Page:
‘Underdog’ Utica hockey club eyes strong finish

By: Timothy Pontzer | Shelby - Utica News | Published February 5, 2018

 Utica High senior forward Max Hartwell looks to pass during a contest earlier this season. A team captain, Hartwell said he and his teammates have embraced the underdog role this year.

Utica High senior forward Max Hartwell looks to pass during a contest earlier this season. A team captain, Hartwell said he and his teammates have embraced the underdog role this year.

Photo by Patricia O’Blenes


MACOMB TOWNSHIP — Last season, Bob Clouston had roughly 48 hours to prepare for his new role as head coach.

This year, he enjoyed a full offseason to prepare for his second campaign with the Utica High hockey team and is seeing major dividends from the extra time.

At press time, the Chieftains were 6-14-1 overall, which already doubled last year’s win total.

“We’re dramatically better; our wins and losses don’t indicate the team as a whole,” Clouston said before a Jan. 30 practice at Suburban Ice Macomb. “We probably lost four or five (games) we should have won. Each one has been very close.”

In 2016, Clouston officially accepted the job to lead the Chieftains Oct. 31, going through his first practice Nov. 2. Overseeing a young roster, Clouston saw the team finish 3-21-2.

Clouston admitted that season had its share of growing pains, but he is very pleased to see how each member of his roster has persevered.

“From our young guys to the older players, everybody has bought in,” Clouston said. “The leadership is good, and they play for each other. It’s a nice concept and great to see on a daily basis. There’s not one kid that I can look at any night that isn’t giving me everything they got.”

Clouston cited effort and a balanced squad as two of the biggest reasons for the turnaround.

“To go with it, we’ve got good goaltending, good defense and a nice offense,” he said.

The coach pointed to four seniors as an example of that balance, each playing key roles in each zone. Clouston highlighted Zack Essenmacher and Jacob Keary as two of his top forwards, Max Hartwell as his best player on the blue line, and Mason Waldrip as the backstop in net. Essenmacher and Hartwell serve as co-captains.

“Even though we’re small in size, we still play the whole game and never give up,” Hartwell said. “We have outstanding coaching that we all want to play for. Coach Clouston brings everything. He’s a true leader who isn’t flashy. He doesn’t bring attention; he just wants what’s best for our program.”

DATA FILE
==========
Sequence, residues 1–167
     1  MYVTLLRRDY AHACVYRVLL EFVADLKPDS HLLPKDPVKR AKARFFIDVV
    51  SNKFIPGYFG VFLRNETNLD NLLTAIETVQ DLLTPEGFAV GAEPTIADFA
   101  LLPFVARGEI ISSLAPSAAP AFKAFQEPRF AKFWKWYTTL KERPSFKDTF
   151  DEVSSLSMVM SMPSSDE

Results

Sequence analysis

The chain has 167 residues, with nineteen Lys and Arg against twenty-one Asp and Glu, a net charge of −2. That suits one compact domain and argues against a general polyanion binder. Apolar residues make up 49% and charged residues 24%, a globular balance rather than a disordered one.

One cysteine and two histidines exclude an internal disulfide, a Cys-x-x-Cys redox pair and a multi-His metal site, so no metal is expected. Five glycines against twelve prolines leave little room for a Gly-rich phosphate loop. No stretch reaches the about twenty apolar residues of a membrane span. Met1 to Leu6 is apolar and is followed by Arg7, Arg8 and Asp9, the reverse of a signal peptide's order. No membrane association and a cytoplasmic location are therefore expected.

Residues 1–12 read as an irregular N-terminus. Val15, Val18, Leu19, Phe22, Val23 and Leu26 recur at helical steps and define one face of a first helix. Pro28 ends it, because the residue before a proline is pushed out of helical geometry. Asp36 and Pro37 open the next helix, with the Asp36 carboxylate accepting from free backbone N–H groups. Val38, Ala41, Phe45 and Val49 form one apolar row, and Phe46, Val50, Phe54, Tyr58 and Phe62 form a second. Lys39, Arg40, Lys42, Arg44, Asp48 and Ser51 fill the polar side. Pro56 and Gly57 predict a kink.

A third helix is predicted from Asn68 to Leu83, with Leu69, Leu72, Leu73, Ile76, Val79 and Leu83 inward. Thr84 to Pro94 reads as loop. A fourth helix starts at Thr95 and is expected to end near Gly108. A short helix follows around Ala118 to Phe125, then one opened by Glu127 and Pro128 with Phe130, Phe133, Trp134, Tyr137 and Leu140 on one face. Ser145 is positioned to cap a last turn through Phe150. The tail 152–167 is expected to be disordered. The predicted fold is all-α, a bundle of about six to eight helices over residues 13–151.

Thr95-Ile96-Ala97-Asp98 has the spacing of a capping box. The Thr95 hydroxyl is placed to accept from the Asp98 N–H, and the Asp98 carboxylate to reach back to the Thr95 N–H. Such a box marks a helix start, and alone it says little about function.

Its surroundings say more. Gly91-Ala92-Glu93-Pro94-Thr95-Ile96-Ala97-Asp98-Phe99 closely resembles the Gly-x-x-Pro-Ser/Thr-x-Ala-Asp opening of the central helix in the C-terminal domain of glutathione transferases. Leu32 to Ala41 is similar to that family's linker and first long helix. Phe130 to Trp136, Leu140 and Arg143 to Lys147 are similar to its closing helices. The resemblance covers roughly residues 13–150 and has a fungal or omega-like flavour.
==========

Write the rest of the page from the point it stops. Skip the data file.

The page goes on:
Clouston flipped the high praise back to his captain.

“(Hartwell) is one of the best human beings on the planet,” Clouston said. “We’re blessed he made the transition from travel hockey to us. He established himself as the captain the first day he joined us. He’s the hardest worker on and off the ice. He has a great, long future ahead of him in both life and hockey.”

Both Clouston and Hartwell have their sights set on finishing the season strong, hopefully carrying momentum into the playoffs. Utica’s playoff draw will see a matchup with Grosse Pointe South in the first round.

“No one is expecting anything from Utica, so internally our goal is to give it everything we have,” Clouston remarked. “I think we can surprise some people. If we’re healthy and on the right track, I think we can sneak up on some people. Grosse Pointe South is a pretty tough draw, but we’ll take it one game at a time.”

Hartwell said his teammates have embraced their underdog role.

“Through Utica’s history, we are known as the underdog through any sport,” Hartwell said. “With the talent we’ve been getting the past couple years, you can see through our games we’re improving. We have the benefit of being the underdog and use it as fuel. We stick together no matter the score. We’re a family, and we’re building a tradition.”

That tradition may undergo a bit of a tweak this offseason as Clouston confirmed that the Chieftains and Utica Ford II will look to combine programs next season, playing under a “Utica Unified” banner. He said that will only expedite the progress he is seeing with the program.

“When you take over a program, it takes about three years to get everything where you want it,” Clouston said. “We’re not getting too high on the highs and too low on the lows. We’re on the right track, and with hard work the wins and losses take care of themselves. We’re improving every single day. … It’s not done yet, but it’s very close.”